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TRW to Donate $1 Million for Math, Science School

TIMES STAFF WRITER

Concerned about a projected serious shortfall of well-educated workers by the year 2000, TRW Inc., the Redondo Beach-based producer of aerospace and automotive products and information systems, announced Wednesday that it will donate $1 million over the next 10 years to help establish a special math and science high school on the Cal State Dominguez Hills campus.

Called the California Academy of Mathematics and Science, the comprehensive high school is a joint project of the California State University system and the Long Beach and Compton school districts. Scheduled to open in the fall of 1990, it will draw students from throughout the Los Angeles Basin, concentrating in particular on women and minorities. Teachers will be recruited from local school districts, universities and private industry.

Cal State officials said the school will be the first of its kind in the state, offering accelerated math and science courses as part of a comprehensive high school curriculum that could enable students to enroll as college sophomores upon graduation.

“I’m here to make an investment in my company’s future,” Edsel D. Dunford, executive vice president and general manager of TRW’s space and defense sector, said at a news conference at the Cal State Dominguez Hills campus in Carson.

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The high school’s basic funding will come from the state, which finances kindergarten- through-12th-grade education on a per-pupil basis. TRW will provide $100,000 a year over the next decade, and academy officials said they are counting on receiving similar donations from other local aerospace, engineering and computer firms to help offset the higher costs of running a specialized school.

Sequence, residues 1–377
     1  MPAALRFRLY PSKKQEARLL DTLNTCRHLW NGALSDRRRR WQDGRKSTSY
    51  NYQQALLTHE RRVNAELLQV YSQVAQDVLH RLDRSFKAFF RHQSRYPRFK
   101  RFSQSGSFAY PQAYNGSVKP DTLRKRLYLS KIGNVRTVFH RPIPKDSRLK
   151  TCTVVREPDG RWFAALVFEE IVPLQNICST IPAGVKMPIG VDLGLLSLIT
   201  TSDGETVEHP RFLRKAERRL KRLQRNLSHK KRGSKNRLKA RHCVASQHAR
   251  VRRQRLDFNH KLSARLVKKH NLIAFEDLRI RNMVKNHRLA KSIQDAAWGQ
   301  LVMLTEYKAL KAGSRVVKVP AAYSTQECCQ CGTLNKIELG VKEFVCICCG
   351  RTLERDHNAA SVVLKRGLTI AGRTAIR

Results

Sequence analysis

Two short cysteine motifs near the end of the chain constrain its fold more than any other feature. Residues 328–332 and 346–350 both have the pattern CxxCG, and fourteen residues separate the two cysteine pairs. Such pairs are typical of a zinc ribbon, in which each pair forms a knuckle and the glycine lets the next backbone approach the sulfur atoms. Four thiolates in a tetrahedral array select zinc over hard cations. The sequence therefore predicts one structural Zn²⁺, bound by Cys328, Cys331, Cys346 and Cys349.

Academy Principal Kathy Clark said the four-year high school will offer educational experiences that are difficult to obtain at regular high schools, including opportunities to collaborate on research projects with university faculty and work-study relationships with “mentors” in private industry. All students will study biology, chemistry and earth sciences each year, another departure from the typical high school curriculum.

The academy initially will recruit from 60 schools in the Torrance, Inglewood, Lawndale, Los Angeles, Compton and Long Beach school districts. Clark said the school will aim for a student body that is 60% to 70% black and Latino. It will open with 100 ninth-graders and have a total enrollment of 500 by 1993.

Transportation--which has been a problem for the Los Angeles County High School for the Arts, the only other countywide specialized high school--will be provided to the academy, she added. Students must arrange their own transportation to the arts school, located on the Cal State Los Angeles campus.

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The math and science academy had been controversial because of the Compton school district’s fears that it would drain away its best students. But academy officials agreed to draw no more than two students from each school except with the school district’s approval and to recruit students who may lack good grades but who show potential.

California State University Chancellor Ann Reynolds said American students lag behind their counterparts in most other industrialized nations in math and science ability and that the record is particularly dismal among women and minorities. Last year, for instance, the nation’s colleges and universities produced only one black and three Latino Ph.D. holders in math, Reynolds said. By the year 2000, the nation faces a shortage of 500,000 math and science professionals.

Noting that junior high school is where most students lose interest in the subjects, Reynolds said, “We’re very eager to correct the lost momentum in science and math education in this country.”


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